The unfunded Space Act Agreement with EAI establishes a framework to enable NASA to collaborate with EAI in furthering the development EAI's spacecraft concept for low Earth orbit crew transportation. EAI's concept for commercial crew to the International Space Station is to use the company's planned tourist space vehicle in concert with an intermediate stage and fly the integrated vehicle on a commercially available launch vehicle to be determined in the near future.

"We are pleased to add Excalibur Almaz to the group of CCDev2 companies and look forward to a productive partnership," said Brent Jett, Commercial Crew Program deputy manager.

As part of this Space Act Agreement, EAI will conduct several reviews. These will include reviews of systems requirements status, launch vehicle compatibility, testing plans and status, and overall status of the design, operational and facilities plans, and integration status. NASA will participate in these reviews by providing expert feedback based on 50 years of spaceflight experience. NASA and EAI plan to kick-off these activities this month, and milestones are planned to continue through May 2012.

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Parabolic Arc: Excalibur Almaz Signs Unfunded SAA With NASA on CCDev

Florida Today - The Flame Trench:
 

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Florida Today - The Flame Trench: Excalibur Almaz joins commercial crew program:
NASA's roster of partners developing commercial vehicles to fly astronauts has expanded to include Houston-based Excalibur Almaz, Inc., which plans to fly upgraded versions of capsules originally designed to serve Soviet military space stations.

almaz-rrv.jpg

The new partners signed a Space Act Agreement that includes no NASA funding but allows collaboration between engineering teams.

A NASA statement says the company's system for flying crews to the International Space Station would use its planned reusable, three-person space tourist vehicle with an intermediate stage, flown on a commercially available launch vehicle to be determined.

Excalibur Almaz is the seventh company to partner with NASA in the second round of the Commercial Crew Development program, or CCDev-2.

The agency has funded agreements worth about $270 million this year with spacecraft developers Blue Origin, The Boeing Co., Sierra Nevada Corp. and SpaceX, and unfunded agreements with launch vehicle providers ATK and United Launch Alliance.

"We are pleased to add Excalibur Almaz to the group of CCDev-2 companies and look forward to a productive partnership," said Brent Jett, deputy manager of the Commercial Crew Program.

Excalibur Almaz's senior management includes Leroy Chao, a former NASA shuttle astronaut, ISS commander and member of the Augustine Committee whose recommendations encouraged a U.S. policy shift to flying crews commercially.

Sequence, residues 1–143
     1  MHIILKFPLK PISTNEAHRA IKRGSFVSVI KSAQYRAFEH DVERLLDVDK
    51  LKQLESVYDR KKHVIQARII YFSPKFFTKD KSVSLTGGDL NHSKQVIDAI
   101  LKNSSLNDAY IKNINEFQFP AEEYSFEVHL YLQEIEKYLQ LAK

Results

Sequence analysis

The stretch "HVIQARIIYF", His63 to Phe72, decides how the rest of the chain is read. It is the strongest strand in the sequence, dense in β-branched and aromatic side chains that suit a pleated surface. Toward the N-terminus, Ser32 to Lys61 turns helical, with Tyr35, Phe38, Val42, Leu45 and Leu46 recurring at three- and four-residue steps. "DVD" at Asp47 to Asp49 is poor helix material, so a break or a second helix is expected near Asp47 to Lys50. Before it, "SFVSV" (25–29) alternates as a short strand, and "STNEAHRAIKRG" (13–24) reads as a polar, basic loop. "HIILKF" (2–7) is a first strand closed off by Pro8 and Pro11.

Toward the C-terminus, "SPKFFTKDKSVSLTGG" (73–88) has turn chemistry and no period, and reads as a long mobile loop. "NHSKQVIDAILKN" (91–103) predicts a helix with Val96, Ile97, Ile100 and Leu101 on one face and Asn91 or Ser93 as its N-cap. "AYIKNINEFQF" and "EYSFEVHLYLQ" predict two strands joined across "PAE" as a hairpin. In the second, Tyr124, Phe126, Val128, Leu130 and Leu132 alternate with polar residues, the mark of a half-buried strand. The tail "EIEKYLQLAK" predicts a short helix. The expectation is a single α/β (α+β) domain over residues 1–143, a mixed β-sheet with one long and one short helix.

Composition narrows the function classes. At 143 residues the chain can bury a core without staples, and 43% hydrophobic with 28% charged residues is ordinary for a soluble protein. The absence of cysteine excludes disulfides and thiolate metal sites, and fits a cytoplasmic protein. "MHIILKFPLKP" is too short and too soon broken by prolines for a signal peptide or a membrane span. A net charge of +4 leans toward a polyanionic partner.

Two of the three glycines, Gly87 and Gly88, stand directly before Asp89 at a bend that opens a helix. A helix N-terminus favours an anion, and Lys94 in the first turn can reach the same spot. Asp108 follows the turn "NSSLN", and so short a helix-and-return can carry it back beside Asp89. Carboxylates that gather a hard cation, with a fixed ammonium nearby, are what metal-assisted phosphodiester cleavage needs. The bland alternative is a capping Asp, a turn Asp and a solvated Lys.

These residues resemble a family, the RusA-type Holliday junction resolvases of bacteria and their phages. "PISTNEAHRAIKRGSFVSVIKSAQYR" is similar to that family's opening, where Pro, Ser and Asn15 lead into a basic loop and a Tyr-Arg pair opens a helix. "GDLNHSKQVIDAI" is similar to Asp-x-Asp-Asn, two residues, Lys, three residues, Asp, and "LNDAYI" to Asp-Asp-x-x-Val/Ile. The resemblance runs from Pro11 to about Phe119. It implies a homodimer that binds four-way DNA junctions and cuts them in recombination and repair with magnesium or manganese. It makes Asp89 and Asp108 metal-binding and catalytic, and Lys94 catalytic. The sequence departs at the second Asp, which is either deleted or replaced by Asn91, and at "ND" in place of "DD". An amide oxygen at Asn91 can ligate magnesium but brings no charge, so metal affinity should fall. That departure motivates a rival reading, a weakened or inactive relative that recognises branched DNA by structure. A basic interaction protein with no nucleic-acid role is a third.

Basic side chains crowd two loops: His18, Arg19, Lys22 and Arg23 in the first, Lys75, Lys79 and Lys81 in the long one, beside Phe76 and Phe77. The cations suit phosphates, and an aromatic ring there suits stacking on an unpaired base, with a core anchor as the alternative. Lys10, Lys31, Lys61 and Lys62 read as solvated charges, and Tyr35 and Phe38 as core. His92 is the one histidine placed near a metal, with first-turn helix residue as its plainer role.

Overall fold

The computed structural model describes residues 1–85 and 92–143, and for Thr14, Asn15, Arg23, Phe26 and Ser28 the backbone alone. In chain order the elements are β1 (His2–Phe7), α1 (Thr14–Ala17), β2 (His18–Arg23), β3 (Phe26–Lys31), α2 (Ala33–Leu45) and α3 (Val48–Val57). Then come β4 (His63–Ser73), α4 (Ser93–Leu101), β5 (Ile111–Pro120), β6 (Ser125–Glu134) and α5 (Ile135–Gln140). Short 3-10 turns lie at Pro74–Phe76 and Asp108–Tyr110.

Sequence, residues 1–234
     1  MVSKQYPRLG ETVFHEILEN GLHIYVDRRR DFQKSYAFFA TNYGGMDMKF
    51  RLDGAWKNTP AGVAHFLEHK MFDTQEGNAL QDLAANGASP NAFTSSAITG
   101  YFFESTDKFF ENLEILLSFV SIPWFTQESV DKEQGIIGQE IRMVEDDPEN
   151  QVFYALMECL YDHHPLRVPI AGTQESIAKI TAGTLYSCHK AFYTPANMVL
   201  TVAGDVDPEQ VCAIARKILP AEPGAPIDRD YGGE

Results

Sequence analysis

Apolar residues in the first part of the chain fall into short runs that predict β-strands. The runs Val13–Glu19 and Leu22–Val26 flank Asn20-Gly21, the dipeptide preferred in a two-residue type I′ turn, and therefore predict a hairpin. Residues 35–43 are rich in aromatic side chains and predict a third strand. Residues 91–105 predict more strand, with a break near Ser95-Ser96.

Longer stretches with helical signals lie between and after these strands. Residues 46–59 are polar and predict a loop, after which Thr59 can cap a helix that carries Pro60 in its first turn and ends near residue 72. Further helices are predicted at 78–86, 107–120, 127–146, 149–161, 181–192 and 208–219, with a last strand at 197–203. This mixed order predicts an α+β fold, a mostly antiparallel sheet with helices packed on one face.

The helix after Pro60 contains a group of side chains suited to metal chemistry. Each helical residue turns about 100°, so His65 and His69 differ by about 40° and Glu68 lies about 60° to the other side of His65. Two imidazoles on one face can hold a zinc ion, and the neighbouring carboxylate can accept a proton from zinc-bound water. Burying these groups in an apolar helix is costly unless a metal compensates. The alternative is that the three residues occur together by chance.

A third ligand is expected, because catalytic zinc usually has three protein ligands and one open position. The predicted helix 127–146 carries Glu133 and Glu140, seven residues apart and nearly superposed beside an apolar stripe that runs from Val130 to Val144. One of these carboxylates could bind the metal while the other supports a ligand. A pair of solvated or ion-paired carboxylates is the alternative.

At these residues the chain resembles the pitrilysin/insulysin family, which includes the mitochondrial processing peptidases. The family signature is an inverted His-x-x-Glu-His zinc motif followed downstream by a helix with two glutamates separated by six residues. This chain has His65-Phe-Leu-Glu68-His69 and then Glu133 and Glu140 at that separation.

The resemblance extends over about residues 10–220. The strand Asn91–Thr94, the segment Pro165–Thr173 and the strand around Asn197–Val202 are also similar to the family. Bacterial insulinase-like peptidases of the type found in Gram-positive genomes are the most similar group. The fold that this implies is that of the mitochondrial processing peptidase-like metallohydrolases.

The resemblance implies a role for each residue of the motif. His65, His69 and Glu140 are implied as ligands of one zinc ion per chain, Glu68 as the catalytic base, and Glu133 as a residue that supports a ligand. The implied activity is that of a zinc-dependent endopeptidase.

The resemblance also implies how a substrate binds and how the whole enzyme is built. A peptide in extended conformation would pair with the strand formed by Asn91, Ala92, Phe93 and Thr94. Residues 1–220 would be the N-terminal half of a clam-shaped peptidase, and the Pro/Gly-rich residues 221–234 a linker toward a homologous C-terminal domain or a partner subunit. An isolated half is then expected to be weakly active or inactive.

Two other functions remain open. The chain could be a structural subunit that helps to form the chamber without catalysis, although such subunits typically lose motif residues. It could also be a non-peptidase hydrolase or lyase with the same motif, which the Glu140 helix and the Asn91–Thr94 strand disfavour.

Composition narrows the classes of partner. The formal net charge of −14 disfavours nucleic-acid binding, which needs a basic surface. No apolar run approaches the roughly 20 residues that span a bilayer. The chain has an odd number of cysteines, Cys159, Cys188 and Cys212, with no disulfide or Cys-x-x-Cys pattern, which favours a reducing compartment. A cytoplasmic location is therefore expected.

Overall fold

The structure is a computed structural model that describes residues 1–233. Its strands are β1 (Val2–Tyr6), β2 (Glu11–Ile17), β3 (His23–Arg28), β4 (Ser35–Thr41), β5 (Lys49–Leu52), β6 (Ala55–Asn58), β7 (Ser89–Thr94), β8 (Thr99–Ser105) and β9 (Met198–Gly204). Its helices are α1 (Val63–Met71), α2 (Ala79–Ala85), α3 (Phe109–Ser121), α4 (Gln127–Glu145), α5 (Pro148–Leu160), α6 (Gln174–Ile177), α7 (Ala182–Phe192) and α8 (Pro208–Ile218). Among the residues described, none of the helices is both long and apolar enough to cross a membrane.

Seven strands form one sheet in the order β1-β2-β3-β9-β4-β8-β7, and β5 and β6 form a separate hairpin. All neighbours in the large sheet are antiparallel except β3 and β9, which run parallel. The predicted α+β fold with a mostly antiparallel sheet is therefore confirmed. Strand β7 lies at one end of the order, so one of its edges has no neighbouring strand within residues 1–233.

Under the agreement, NASA said the company would perform reviews by May 2012 of systems requirements status, launch vehicle compatibility, testing plans and status, and overall status of the design, operational and facilities plans, and integration status.

NASA will provide feedback and limited technical support.

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Aviation Week: Soviet Hardware Enters NASA CCDev Initiative
 

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Wow, there are resurrecting old projects ! Almaz... :blink:
 

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Parabolic Arc: Astronauts Support Strong Commercial Crew Program:
A group of 23 former astronauts has sent a letter to Congress urging full funding for NASA’s CCDev program. An excerpt:

“Because Commercial Crew is so important for NASAʼs future, we believe it should be fully funded and kept as one of NASAʼs top near-term priorities. Funding Commercial Crew at least at the Authorization Act level of $500 million will mean less reliance on Russia and a stronger space program here at home, and funding Commercial Crew at NASAʼs requested level of $850 million will enable these commercial vehicles to be developed on an even more expeditious basis. More robust funding for Commercial Crew will ensure that we get more use out of the Space Station, by getting Americans back up into space faster.”

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Parabolic Arc: Congressional Spending Plan Slashes CCDev Request by 52 Percent:
Lawmakers have given preliminary approval to a NASA budget that will provide $406 million to the Commercial Crew Development program, a 52 percent decrease from the $850 million requested by the Obama Administration. The amount exactly splits the difference between the $312 million the House proposed and the $500 million the Senate wanted to spend.

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Florida Today - The Flame Trench: Commercial crew funding far short of target